So what model are you building and what engines are you considering? And what are you planning to do that will add extra weight?
The model is the F4U Corsair by Top Flite

http://www3.towerhobbies.com/cgi-bin...&I=LXHU80&P=ML

We are using the engine size suggested by the manual and they say it has plenty of power. However, on the towerhobbies website it says in the specs that it should weigh between 7 and 9.5 pounds. We are looking the model over and we know we did about one thing like use a heaver battery pack then perhaps they did, But other then that we have stayed as close to the manual as possible and can not figure out how even without the retracts they suggest that you could come anywhere close to 7 pounds. Currently our model is weighing about 10 pounds. We don't have it covered yet but we weighed everything and the covering that will go on or in the model.
Old 12-21-2013, 03:45 PM
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j.duncker
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OK at 10 lbs + you want an engine from the top end of the range, in fact I would consider an engine like the OS 95 AX. I used to be asked to test fly a lot of models and the ones that gave me the hardest time were the overweight, underpowered WW2 birds.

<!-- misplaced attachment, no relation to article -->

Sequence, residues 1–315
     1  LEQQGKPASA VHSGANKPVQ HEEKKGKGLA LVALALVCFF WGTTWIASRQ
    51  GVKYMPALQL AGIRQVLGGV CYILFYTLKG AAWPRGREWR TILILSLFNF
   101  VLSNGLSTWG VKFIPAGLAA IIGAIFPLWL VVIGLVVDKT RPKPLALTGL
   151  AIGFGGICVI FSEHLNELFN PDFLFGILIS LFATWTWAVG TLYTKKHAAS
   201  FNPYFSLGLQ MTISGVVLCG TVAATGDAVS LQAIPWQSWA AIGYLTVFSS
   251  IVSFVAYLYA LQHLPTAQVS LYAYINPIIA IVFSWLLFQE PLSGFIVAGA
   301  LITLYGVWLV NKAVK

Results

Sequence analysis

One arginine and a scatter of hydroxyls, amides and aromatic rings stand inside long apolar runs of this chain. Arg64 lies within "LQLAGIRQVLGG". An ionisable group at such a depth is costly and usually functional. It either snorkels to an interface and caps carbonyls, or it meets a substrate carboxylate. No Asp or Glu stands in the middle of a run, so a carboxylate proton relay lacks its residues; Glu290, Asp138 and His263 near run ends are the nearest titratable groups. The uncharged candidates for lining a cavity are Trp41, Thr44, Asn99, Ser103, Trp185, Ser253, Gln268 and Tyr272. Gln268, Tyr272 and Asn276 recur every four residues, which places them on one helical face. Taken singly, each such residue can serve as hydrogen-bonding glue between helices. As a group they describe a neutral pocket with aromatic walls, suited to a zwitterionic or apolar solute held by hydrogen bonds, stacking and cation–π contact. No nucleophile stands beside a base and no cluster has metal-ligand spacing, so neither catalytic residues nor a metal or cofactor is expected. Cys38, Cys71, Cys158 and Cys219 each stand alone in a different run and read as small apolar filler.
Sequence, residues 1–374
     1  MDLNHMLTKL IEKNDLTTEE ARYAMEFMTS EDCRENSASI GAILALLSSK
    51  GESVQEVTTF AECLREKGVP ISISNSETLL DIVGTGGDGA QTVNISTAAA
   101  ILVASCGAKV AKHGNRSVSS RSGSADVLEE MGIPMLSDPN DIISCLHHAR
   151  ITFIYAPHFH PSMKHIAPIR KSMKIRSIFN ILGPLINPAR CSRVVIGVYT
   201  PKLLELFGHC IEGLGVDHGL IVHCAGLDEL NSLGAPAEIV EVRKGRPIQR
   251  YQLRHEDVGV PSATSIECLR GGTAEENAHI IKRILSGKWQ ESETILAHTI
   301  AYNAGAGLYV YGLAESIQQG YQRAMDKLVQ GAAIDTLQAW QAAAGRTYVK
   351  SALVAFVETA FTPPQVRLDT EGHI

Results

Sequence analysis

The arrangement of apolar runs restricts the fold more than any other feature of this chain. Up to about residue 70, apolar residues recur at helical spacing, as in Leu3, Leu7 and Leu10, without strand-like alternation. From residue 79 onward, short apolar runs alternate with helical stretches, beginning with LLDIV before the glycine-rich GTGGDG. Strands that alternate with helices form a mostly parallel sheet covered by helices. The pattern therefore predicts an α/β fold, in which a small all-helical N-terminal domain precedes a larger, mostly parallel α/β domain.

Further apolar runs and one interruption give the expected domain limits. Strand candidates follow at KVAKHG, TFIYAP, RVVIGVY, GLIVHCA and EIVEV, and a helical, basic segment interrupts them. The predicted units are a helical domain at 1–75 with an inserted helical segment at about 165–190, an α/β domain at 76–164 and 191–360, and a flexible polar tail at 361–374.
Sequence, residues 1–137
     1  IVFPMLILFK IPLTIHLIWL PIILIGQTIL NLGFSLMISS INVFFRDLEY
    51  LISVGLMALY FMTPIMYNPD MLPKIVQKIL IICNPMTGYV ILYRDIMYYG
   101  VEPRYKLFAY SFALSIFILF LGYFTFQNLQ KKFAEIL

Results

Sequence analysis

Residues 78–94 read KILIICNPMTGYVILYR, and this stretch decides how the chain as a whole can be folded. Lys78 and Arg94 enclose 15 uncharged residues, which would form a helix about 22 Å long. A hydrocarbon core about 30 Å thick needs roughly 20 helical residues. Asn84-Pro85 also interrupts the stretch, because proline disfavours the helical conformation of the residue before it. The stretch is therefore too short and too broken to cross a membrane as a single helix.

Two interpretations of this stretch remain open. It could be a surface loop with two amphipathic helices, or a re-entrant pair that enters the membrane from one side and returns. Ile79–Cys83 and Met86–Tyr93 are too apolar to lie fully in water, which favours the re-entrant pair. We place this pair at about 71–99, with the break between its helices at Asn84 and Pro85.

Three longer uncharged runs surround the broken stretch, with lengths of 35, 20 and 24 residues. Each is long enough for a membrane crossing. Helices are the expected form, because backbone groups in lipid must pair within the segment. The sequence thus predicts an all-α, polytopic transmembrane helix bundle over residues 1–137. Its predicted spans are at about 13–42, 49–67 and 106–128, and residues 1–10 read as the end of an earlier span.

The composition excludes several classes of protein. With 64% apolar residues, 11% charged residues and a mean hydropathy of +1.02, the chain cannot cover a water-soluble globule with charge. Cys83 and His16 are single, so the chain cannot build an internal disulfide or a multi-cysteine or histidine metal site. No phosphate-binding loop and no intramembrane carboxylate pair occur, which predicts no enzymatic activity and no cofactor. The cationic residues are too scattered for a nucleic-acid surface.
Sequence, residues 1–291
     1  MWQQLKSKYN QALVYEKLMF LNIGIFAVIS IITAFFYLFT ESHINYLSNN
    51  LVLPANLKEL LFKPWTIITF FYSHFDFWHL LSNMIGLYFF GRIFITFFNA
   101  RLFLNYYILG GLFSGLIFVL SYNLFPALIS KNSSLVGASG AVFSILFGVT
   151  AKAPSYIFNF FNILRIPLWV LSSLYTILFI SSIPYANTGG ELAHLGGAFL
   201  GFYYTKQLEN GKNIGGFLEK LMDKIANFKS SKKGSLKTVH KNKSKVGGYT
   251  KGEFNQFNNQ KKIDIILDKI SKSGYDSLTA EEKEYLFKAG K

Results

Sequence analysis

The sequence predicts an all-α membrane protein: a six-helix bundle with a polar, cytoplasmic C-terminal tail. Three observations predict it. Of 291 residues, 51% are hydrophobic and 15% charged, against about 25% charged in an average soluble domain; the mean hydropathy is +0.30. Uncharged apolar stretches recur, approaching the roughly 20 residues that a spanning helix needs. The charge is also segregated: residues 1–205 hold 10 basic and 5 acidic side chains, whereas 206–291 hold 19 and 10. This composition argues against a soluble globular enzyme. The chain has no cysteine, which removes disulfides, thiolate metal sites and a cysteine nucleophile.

They would have to treated very gently on lift off and babied around until it got ' on the step '. Even then a pulling any G often resulted in a snap roll.

How do you build light models. It starts with wood selection. Apply glue sparingly especially epoxy. Weigh things like wheels and batteries and look for the lightest alternative. When finishing avoid brush painting at all costs, spray and only the minimum amount to cover.

Light models fly better. However you will learn a lot from flying something a little underpowered and a little overweight.
Old 12-21-2013, 04:24 PM
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Nothing worse than an under powered airplane. With that goes the old saying altitude and speed are life.
I take it you're interested in being more scale like.
IMHO go with the largest engine recommended. Now throttle is not an on off switch so experiment with different power settings.
Old 12-21-2013, 07:48 PM
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JohnBuckner
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[QUOTE=gregoryshock; If a person is using the smallest engine stated by the kit specs, how much over the weight limit can one go? My kit says it should weigh between 7 and 9.5 pounds.[/QUOTE]